Maria Leonardo Cabrita

Fata Morgana
6 - 8 August 2022

Fata Morgana is an audiovisual installation that gathers Maria Leonardo Cabrita’s photographs. Exploring Fata Morgana’s different layers of meaning, the artist uses an aquarium to reproduce the wonders and illusions of light refraction.

On June 1, 1798, Napoleon and his troops invaded Egypt. On the way to Cairo, they traveled through the Sahara Desert not knowing that the sun could kill a man. In the vast desert, they saw distant lakes that seemed to promise an end to their anguish. They speeded up their pace only to see paradise fading away and receding at their approach. These lakes were mirages and many of these soldiers died of heatstroke and thirst. It was also on this trip that this optical phenomenon was studied accurately in Western Civilization for the first time by Gaspard Monge. Thus, today we inevitably link mirages with a tradition of fatalism and an underlying effect of colonization.

Fata Morgana is a superior mirage produced by the downward refraction of light passing through a temperature gradient of warm above cold air. When the curvature of the light rays is greater than that of the earth, this optical phenomenon generates an image of a blurry object above the horizon. This effect occurs in extreme atmospheric conditions and it is most commonly associated with the desert, but also with the sea and polar mountains.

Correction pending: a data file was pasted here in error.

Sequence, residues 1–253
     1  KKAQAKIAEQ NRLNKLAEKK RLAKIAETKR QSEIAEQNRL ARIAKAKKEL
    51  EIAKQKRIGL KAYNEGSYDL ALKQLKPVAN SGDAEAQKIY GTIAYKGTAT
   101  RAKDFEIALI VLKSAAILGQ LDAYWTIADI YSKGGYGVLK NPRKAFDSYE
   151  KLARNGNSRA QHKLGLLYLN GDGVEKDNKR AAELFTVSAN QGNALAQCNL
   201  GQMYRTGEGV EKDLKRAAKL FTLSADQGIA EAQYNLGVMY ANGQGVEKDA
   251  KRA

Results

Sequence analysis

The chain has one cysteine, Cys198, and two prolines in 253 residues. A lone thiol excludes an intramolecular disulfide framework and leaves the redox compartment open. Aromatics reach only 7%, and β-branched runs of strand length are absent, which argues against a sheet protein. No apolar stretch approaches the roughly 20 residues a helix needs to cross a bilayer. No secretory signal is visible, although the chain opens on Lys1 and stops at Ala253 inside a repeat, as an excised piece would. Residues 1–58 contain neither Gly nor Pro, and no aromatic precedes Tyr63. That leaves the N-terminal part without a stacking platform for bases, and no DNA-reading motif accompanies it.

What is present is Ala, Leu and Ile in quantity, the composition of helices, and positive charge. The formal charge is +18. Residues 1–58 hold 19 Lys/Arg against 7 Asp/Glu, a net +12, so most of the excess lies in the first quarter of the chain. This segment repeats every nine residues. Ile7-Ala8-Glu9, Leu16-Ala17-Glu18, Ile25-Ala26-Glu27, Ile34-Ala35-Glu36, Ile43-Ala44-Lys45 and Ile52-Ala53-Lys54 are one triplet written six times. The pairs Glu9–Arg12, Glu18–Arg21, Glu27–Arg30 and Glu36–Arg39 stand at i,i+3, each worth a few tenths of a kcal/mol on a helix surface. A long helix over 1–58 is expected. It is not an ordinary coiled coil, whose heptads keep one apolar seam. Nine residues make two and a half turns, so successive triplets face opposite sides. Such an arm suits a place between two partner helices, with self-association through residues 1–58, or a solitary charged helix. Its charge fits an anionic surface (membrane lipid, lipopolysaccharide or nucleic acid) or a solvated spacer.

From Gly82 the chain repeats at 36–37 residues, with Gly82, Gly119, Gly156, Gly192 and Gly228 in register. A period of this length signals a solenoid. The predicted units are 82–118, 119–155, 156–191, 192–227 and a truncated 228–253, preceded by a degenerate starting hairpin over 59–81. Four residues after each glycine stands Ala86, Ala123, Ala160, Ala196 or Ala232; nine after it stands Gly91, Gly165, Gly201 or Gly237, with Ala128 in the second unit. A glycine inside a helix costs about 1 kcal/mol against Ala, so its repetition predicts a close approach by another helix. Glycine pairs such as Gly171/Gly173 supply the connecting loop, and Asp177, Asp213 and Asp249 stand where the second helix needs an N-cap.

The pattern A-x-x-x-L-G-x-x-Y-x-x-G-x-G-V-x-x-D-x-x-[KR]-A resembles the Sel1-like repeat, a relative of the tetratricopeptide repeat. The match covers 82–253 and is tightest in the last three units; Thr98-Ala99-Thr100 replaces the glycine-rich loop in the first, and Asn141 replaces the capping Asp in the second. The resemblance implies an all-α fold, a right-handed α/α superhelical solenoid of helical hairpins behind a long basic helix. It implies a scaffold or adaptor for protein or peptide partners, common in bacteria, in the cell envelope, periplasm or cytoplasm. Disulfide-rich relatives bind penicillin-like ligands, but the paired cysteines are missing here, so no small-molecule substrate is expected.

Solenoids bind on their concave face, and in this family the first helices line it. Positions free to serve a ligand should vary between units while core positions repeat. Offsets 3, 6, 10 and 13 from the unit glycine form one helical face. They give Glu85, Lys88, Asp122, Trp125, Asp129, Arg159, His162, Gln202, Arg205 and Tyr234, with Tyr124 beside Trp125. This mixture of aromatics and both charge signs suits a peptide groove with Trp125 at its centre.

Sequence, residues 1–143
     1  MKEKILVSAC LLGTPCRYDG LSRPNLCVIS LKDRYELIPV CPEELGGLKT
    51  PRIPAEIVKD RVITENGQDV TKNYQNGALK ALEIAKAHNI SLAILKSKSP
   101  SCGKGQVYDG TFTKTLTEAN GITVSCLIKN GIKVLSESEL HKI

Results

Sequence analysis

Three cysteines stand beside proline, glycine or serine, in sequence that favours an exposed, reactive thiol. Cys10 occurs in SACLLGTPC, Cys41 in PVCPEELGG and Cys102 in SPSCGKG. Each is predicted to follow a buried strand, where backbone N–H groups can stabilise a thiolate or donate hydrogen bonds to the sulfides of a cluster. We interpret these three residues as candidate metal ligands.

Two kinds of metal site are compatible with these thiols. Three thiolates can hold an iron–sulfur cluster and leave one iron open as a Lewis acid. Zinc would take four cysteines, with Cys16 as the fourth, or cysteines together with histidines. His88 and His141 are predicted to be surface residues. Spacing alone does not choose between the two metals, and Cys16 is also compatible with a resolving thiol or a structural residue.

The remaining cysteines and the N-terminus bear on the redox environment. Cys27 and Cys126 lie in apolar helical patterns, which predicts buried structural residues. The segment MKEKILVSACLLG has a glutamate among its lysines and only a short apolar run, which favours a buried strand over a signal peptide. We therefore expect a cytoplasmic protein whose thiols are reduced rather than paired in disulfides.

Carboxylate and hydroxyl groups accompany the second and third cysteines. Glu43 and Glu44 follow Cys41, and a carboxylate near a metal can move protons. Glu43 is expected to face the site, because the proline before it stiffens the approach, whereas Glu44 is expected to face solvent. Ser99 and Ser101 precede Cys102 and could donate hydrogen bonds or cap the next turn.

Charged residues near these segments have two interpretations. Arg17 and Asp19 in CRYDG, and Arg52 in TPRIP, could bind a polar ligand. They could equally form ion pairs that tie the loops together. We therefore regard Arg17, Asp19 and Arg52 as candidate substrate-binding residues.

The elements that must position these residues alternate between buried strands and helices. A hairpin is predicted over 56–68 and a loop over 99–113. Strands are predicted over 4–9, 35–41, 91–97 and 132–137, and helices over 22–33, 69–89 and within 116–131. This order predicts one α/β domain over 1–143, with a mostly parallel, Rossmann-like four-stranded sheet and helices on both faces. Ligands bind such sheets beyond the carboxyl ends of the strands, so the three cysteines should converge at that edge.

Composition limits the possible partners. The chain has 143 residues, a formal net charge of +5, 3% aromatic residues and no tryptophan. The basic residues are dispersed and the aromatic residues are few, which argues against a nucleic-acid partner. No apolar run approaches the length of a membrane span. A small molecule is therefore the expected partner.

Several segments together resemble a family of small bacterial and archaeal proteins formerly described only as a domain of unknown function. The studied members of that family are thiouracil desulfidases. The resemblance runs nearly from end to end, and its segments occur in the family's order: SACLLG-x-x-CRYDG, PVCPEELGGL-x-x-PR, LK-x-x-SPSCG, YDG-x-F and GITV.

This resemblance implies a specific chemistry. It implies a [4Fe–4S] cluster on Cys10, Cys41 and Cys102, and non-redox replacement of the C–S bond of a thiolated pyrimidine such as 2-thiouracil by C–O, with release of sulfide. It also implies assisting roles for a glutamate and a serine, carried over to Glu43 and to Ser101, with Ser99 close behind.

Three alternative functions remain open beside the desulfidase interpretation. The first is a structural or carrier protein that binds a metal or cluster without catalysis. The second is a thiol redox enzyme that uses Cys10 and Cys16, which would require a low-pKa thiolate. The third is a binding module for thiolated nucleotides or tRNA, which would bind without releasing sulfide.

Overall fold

Named after Arthurian sorceress, Fata Morgana - Morgan Le Fay - is a medieval mythological figure that has an ambivalent nature representing both healing and protection, as well as seduction and war, trapping sailors into a deep abyss. Morgana inhabited the mystical and unreachable island of Avalon in the Strait of Messina between mainland Italy and Sicily.

Fata Morgana inspired the creation of legends such as the Flying Dutchman; myths of fairy castles, sirens, antelopes running for water, among others. It is also inevitably associated with many failures of science. Deceived by the fragility of human sight, many scholars and experts mapped, sought and chased lands that actually never happened to exist.

Mirages have been the central point of Leonardo Cabrita’s research. Since 2019, the artist has been creating her own mirages through photography, the main medium of her artistic practice. She has also been increasingly interested in the relationship between mirages and photographs, since they both share a fraudulent and phantasmagoric nature, derived from reality but not entirely accurately; thus, shaped by a distorted perspective of it, and also grasping an ephemeral and unrepeatable moment intime.

The resulting titanic images of this installation travel through optical phenomena, the wonders of light refraction, fairy landscapes, as well eyeless or faceless portraits of human figures who seem to be sinking into the unknown. Among these portraits were chosen surviving soldiers who fought during thePortuguese colonial war. The sound was created to accompany the installation. Mixing elements, such as windstorms, magical xylophones, heart rhythms, whales, sounds of the current war, among others, the viewer has an opportunity to travel through the piece. Fata Morgana was created as a means o freflection of today’s historical moment, too uncertain to be real or to bear. Are we living in a mirage?